Shopping in Paris, and the whole of France for that matter is quite different to shopping at home. And I appreciate that shopping in French may seem intimidating. If you also use this French shopping etiquette everywhere in Europe you will not go far wrong regardless of where the shopping bug bites. How to shop in France without embarrassment or anger is something every traveller can do, regardless of whether you speak French or not. It’s just a case of understanding how a French shop, and French sales staff work.
French etiquette for travelers in stores
When you are shopping in France it is OK to touch or pick up the stock in department stores. Sales staff will often greet you and want to assist you before you get to that point though.
In small shops and boutiques, the shop etiquette is a little different and you need to greet the salesperson on entering and say good-bye on leaving. If you are able to do this (a simple bonjour madame/monsieur is entirely sufficient) you will find you will get much better service should you want to look in more detail or buy. You should also seek permission before touching any merchandise at a boutique in France, particularly in more upmarket areas.
Unless you are in a self service French grocers or supermarket, do not pick up the produce or serve yourself. The shopkeeper will be delighted to serve you and find the perfect produce for you.
If you do buy something in one of the high end designer shops – even if it is the cheapest thing in the store, expect much theatre. Your humble purchase will be whisked away after you have paid for it. You will be left standing forlornly for what seems like an eternity before your salesperson will reappear and produce your chosen item, wrapped, ribboned and bagged with much deference. Only you and the salesperson will know your “trophy” is actually only a tiny bottle of cologne or a keycase.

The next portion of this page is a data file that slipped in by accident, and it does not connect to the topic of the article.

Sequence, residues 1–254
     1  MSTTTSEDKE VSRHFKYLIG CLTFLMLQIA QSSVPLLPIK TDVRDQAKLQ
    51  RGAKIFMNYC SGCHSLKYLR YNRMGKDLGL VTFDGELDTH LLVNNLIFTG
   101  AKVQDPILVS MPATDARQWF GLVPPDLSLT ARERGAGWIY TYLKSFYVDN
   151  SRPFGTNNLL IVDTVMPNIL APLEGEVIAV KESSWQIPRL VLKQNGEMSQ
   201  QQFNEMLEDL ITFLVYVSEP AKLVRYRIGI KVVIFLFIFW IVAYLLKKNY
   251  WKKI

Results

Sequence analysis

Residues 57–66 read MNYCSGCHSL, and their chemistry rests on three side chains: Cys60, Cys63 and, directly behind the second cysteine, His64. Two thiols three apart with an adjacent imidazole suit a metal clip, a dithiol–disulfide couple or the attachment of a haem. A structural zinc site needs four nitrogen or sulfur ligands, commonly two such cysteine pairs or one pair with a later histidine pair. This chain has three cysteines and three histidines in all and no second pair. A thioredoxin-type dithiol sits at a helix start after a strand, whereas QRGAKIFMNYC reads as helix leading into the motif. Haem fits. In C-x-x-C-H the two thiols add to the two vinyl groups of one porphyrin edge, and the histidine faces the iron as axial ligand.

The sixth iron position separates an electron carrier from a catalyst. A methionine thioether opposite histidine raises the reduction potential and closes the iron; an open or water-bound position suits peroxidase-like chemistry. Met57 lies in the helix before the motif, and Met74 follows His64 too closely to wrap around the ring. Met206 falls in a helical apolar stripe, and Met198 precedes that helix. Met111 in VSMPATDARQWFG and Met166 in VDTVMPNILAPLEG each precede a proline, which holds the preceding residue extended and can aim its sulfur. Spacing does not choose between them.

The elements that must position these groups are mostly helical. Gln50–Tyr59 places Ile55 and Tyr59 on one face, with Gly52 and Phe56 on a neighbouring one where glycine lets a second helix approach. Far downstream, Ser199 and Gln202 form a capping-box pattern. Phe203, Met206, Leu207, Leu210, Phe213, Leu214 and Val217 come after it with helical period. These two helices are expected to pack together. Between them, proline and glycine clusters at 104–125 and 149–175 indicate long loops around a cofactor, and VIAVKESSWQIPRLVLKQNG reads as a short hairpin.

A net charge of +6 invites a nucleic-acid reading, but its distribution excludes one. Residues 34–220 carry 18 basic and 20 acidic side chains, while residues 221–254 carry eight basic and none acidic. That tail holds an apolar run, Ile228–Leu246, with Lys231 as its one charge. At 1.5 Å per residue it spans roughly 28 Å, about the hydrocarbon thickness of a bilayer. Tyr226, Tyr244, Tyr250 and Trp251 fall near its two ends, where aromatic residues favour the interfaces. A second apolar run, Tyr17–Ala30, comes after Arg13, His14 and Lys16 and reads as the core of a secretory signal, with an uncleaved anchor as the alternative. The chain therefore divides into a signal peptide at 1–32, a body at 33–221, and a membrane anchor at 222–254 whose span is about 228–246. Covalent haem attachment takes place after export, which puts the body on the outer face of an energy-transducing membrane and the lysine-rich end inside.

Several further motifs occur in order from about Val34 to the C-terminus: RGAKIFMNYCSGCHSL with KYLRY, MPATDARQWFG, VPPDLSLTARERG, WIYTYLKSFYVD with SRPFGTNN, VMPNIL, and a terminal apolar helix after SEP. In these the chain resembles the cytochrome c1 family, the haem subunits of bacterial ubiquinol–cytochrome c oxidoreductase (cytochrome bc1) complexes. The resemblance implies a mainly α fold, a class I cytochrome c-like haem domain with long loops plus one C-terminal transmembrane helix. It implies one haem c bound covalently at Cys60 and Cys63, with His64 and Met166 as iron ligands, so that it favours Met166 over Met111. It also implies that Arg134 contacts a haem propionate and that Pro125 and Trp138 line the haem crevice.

How to shop in French
These it is not essential to speak French, but it is still definitely easier to shop in France if you know some key words.
Pharmacies are usually not self service, and much of what is on sale is behind the counter – particularly the medicines, so you will need to ask for what you want – un rhum (un room) is a cold, mal a l’estomac (mal u lesto-mac) an upset stomach, mal au coeur (mal oh koo-er) nausea and if you say diarrhoea you will be understood.
It is fine to browse in shops – je regarde seulement (zher regard sulle-mon) is I’m browsing, and window shopping in French is the rather quaint and evocative phrase leche vitrine (lesh vit-reen) – literally licking the window.
While some French salespeople are delightful, helpful and charming, don’t expect universally good customer service – they often feel they are honouring you with their presence, rather than being here to “serve” and act accordingly. Have low expectations, and be overjoyed when you are well looked after!
French shopping etiquette may be a little different to what you are used to home. But isn’t that the point of going to a foreign country after all?
Plan your Paris shopping now: